White House Indicates Second Stimulus Check Could Be Smaller Than $1,200—Here's Why

It's possible Americans could see a second round of economic relief payments, but the amount may not be the same as the first time around, according to White House economic adviser Larry Kudlow.

Kudlow told Fox Business this past Friday that the new payments would be less than $1,200, the amount eligible individuals received under the Coronavirus Aid, Relief and Economic Security (CARES) Act. Payments will also be more targeted than they were the first time around and are intended to help people who lost their jobs and are in lower-income brackets.

The purpose is to keep a relief package under the $1 trillion mark, according to Fox Business. Marc Short, Vice President Mike Pence's chief of staff, told Bloomberg Radio last Tuesday that the Trump administration is eyeing a $1 trillion spending cap because there's been "a lot of stimulus" pumped into the economy and businesses are reopening.

"I think we want to make sure that people that are still unemployed or hurting are protected, but at the same time we want to take into consideration the fact the economy is bouncing back and want to try to contain the amount of spending," Short said.

Estimates put the cost of the first round of payments at about $290 billion, so a similar measure could eat up about one-third of the money in a $1 trillion package. In June, Kudlow speculated that another round of stimulus checks would target those who were bearing the financial brunt of the pandemic. He told Fox Business that payments would likely go to people who were "most in need," and Senate Majority Leader Mitch McConnell made a similar suggestion during a July 6 event in his home state of Kentucky.

larry kudlow white house stimulus check
National Economic Council Director Larry Kudlow during a TV interview in the White House's press briefing room on February 28. Last Friday, Kudlow told Fox Business a second round of economic relief payments would be less than the $1,200 individuals initially received and will target those in lower income brackets and people who lost their jobs. Alex Wong/Getty

McConnell expects Congress to take up a new relief package when lawmakers return to Washington on July 20. He said stimulus checks "could well be" part of what he hopes will be the final package and could go to those earning $40,000 or less.

White House deputy press secretary Judd Deere told Newsweek an economic package must "prioritize pro-growth measures" that incentivize employers and America's "great" workforce.

President Donald Trump first floated the idea of another round of stimulus checks to individuals in April, shortly after he signed the CARES Act. He reiterated his support for the new payments and told Fox Business on July 1 he supports "larger numbers" than the Democrats.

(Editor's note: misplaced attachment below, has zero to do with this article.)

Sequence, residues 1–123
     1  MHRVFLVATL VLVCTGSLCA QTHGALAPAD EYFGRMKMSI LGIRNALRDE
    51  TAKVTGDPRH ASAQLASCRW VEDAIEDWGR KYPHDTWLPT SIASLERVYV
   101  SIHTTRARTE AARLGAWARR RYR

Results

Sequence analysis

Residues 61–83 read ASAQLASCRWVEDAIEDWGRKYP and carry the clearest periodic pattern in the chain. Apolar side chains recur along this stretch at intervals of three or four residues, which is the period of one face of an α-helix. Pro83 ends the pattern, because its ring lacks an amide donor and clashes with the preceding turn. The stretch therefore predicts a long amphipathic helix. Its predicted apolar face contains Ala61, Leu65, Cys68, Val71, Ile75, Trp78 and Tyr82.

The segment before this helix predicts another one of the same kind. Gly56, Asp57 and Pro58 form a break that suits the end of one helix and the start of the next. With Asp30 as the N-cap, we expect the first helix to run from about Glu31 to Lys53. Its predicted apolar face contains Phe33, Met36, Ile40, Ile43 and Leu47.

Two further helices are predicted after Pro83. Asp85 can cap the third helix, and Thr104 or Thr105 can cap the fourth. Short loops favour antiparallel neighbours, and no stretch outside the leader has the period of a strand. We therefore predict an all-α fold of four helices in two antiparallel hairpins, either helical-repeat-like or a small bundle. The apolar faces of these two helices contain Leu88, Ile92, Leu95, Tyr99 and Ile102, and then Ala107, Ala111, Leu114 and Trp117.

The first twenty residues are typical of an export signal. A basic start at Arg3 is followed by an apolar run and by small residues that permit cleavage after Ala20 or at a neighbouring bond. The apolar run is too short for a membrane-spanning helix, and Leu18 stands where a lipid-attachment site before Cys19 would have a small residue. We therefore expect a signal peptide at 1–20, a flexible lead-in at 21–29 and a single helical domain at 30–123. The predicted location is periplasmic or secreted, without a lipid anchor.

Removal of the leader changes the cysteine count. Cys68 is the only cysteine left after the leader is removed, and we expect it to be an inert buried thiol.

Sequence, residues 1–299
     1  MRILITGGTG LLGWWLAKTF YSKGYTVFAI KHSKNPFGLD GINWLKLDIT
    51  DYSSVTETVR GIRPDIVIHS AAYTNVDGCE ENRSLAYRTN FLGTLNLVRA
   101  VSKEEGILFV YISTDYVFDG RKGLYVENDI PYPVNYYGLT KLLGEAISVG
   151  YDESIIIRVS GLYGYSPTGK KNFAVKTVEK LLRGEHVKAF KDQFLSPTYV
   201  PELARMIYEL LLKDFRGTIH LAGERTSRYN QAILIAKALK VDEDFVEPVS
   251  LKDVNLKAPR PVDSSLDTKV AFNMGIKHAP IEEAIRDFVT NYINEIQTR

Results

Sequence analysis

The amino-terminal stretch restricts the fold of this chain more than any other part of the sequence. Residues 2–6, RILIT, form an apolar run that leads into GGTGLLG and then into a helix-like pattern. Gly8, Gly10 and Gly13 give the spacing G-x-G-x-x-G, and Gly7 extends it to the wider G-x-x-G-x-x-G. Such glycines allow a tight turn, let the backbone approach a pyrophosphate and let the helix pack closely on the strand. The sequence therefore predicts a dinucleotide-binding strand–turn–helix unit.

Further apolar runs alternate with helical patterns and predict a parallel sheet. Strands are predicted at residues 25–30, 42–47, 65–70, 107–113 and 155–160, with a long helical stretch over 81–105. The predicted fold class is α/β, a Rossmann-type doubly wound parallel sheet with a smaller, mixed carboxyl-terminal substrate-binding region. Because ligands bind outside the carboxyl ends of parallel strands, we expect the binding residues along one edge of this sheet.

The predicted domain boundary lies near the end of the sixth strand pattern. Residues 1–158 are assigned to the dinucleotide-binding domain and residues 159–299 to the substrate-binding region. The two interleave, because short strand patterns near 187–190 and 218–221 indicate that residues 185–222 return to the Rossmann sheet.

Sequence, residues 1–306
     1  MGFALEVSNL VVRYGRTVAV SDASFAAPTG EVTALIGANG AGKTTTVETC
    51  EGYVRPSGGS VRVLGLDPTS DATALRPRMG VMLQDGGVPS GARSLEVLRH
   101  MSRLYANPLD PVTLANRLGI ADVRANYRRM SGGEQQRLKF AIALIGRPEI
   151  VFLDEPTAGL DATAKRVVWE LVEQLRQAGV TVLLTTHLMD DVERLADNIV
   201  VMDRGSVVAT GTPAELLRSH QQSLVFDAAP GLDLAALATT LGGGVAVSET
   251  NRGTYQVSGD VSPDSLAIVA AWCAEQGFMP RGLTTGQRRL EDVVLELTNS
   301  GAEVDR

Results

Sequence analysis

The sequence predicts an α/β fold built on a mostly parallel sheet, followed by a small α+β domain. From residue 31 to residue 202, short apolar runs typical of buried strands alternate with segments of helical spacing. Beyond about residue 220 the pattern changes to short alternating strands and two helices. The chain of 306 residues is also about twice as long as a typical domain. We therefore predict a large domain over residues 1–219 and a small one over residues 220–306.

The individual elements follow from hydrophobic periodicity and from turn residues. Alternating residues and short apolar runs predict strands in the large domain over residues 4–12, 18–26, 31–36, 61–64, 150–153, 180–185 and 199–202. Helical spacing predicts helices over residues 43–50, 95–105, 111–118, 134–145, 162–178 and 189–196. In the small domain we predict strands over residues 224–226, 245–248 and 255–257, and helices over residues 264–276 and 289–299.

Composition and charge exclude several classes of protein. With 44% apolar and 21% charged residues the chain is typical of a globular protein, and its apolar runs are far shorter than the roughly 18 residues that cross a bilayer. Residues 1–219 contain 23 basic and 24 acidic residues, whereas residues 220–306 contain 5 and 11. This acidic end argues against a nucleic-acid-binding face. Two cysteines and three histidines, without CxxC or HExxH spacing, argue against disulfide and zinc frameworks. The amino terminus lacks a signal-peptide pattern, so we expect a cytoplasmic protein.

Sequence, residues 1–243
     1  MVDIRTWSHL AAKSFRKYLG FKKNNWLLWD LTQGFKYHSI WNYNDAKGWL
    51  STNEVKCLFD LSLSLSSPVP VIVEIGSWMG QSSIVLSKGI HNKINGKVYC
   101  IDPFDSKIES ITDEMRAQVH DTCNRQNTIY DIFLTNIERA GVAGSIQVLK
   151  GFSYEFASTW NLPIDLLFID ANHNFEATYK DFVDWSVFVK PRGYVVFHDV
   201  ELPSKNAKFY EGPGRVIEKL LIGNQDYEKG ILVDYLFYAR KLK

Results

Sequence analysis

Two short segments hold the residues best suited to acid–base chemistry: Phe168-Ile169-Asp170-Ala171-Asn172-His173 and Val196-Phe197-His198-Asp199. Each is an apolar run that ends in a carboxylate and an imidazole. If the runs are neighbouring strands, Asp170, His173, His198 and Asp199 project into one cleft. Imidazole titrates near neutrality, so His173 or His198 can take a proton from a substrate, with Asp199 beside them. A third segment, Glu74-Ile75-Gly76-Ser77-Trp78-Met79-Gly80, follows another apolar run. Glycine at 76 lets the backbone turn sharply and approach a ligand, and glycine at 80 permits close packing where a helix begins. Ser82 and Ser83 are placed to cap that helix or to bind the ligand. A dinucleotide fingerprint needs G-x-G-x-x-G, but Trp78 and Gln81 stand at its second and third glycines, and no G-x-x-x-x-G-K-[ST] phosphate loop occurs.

Trump said previous legislation incentivized people not to work, a possible reference to the CARES Act's expanded unemployment insurance. That measure is set to expire July 31, and legislators have been critical of providing unemployed people with an extra $600 a week, as it's allowed some to earn more than they did while working.

When Fox Business' Blake Burman asked for clarification on whether Trump supported larger unemployment payments or stimulus checks, the president said, "I want the money getting to people to be larger so they can spend it. I want the money to get there quickly and in a non-complicated fashion."

Under the Health and Economic Recovery Omnibus Emergency Solutions Act, which the House passed in May, individuals earning up to $75,000 or joint filers earning up to $150,000 receive a $1,200 or $2,400 payment, respectively. Those base payments mirror those included in the CARES Act, but the HEROES Act expanded eligibility to certain undocumented immigrants who were left out of the CARES Act. And instead of an additional $500 payment for each dependent child, as was the case in the CARES Act, the HEROES Act provided an additional $1,200 for up to three dependents each.

An eligible family of five with joint filers earning up to $150,000 would receive $2,100 more under the HEROES Act than they did under the CARES Act.

However, McConnell and Trump called the HEROES Act "dead on arrival," and the Senate majority leader said he was likely to introduce a bill that focuses on liability reform, jobs and health care when the Senate returns.

If Congress is able to come to an agreement on a package that includes stimulus checks by August 3, when the White House wants a bill on Trump's desk, people might not have to wait long to receive the money. Last Thursday, Treasury Secretary Steve Mnuchin told CNBC his department has the ability to get payments "into hardworking Americans' bank accounts very, very quickly."